The Sterile Life of the Everyday Atheist

“Atheism is the death of hope, the suicide of the soul.”

Bishop Thomas J. Tobin - Without a Doubt

It seems that there’s been a resurgence of atheism recently, across the nation, and certainly here in Rhode Island. The epicenter of this godless movement, at least for the moment, is in Cranston, Rhode Island, where a fierce battle over a public high school prayer banner has pitted believers against non-believers.

With that backdrop I’ve been thinking about atheism recently, and the toll it takes on the human person, and my reflections are well-summarized in the quotation, from an anonymous source, referenced above: “Atheism is the death of hope, the suicide of the soul.”

In the title I refer to an “everyday atheist,” for here I’m thinking not so much about philosophers or scientists who adopt atheism as a hypothetical construct, although they too have a problem explaining the ultimate mysteries of life. But I’m thinking more about the person who claims to be an atheist and then tries to live without any reference to God. This is the “practical and existential atheism” which Blessed John Paul II described so well in his writings.

The life of the everyday atheist must indeed be a very sad, sterile and hopeless experience.

If you don’t believe in God, how do you explain the reason for your existence? After all, you can’t refer to a Creator, or a divine plan. If you’re not created in the image and likeness of God, as the Bible tells us, from what source do you derive your human dignity? Or are you nothing more than an accident of arbitrary biological forces? Does your life have any more value or meaning than other living creatures – even the simplest life forms that crawl in the mud or swim in the seas?

If you don’t believe in God, how do you approach the question of your ultimate destiny? Is it simply a question of living a few years and then returning to the dust? Are you no more than an insignificant cipher in the long history of the universe, here today and gone tomorrow? Is there no final judge, no accountability for the way you lived on earth? Is there no spark of immortality, no heaven, no eternal life where the human soul is released from its earthly shackles? And when you die, are the precious bonds of love you forged with family and friends erased forever, never to be enjoyed again?

If you don’t believe in God, how do you integrate the ups and downs of everyday life into some meaningful pattern? How do you make sense of the suffering and pain that inevitably comes your way? What is there that keeps you from getting depressed? Unlike people of faith, you can’t ask anyone to pray for you, nor can you depend on the intercession of the beloved saints. And when a loved one dies, you can’t pray for them, for their eternal happiness and peace, can you?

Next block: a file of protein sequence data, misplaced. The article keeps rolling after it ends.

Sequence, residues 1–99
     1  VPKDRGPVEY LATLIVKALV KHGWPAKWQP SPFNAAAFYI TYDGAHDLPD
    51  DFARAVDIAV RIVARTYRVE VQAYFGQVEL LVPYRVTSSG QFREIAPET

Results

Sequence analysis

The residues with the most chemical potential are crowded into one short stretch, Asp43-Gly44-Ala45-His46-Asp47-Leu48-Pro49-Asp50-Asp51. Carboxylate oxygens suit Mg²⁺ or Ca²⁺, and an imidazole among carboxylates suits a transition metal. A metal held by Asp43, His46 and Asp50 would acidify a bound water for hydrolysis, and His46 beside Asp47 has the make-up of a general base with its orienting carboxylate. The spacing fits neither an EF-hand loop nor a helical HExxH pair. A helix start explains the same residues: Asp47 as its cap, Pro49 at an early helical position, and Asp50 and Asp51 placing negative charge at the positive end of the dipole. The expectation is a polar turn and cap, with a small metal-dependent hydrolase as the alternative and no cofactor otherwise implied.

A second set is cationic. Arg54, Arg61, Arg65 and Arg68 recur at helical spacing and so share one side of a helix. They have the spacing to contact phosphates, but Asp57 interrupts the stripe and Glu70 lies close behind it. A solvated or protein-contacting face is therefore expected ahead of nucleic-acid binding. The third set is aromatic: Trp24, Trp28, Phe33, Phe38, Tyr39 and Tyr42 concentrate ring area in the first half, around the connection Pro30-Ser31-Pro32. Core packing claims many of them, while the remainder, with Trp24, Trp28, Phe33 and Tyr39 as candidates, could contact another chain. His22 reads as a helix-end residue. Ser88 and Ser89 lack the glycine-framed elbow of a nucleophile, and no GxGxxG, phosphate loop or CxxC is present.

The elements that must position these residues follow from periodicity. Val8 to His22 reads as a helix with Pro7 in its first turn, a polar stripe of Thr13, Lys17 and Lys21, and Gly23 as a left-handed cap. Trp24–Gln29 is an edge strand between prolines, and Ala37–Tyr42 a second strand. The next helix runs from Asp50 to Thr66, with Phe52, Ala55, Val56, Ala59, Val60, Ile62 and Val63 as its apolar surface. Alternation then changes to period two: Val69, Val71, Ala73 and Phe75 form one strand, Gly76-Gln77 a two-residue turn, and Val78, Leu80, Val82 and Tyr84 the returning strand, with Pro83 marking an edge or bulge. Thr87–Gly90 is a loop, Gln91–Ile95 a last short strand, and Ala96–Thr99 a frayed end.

If you don’t believe in God, what is there to celebrate in life, beyond those things that are merely superficial and passing? Don’t you occasionally envy the joy that religion brings to families of faith – in moments of Baptism, First Communion, Confirmation, and religious weddings when God blesses the commitment of lovers? What do you celebrate on Christmas and Easter, or do you just withdraw to the silent, darkened solitude of your home? And what about Thanksgiving Day? Someone wrote that, “An atheist’s most embarrassing moment is when he feels profoundly thankful for something, but can’t think of anyone to thank for it.”

If you don’t believe in God, how do you navigate the secular world that is, nonetheless, infused with references to the God whose existence you deny? How do you manage to use, without a compromised conscience, our currency that proclaims our trust in God? Aren’t you offended every time you recite the Pledge of Allegiance, or sing God Bless America, or America the Beautiful? Do you leave the room when public events are bookended between invocations and benedictions? Do you avoid cities and towns named after things religious – like Providence, for example? Do you close your eyes every time you pass a Church with a religious name? Your daily existence must be really miserable.

My question is this: If you don’t believe that God exists, why do references to Him bother you so much? Can’t you just shrug it off as you would other fables or fairy tales? Why does God bother you – unless of course – way down, deep inside, at some subliminal level, you’re still wrestling with the possibility that God really does exist?

You see, some people are allergic to the sun. But they can’t hide the sun or make it disappear, so they get help to deal with their allergies. Some people are “allergic” to God. But they can’t make Him disappear either, and that causes a reaction. In the end, though, God will not be denied.

As Christians, we don’t persecute atheists or belittle them. We will, however, defend our core beliefs and values whenever they’re attacked. We should be patient with atheists and try to understand the difficulties that arise from their limited worldview. And most of all, we should pray for atheists and conduct ourselves in a way that convinces them of the goodness of our faith. In that way, perhaps, they too will come to know the “Unknown God” in whom they “live and move and have their being.” (Acts 17: 22-28)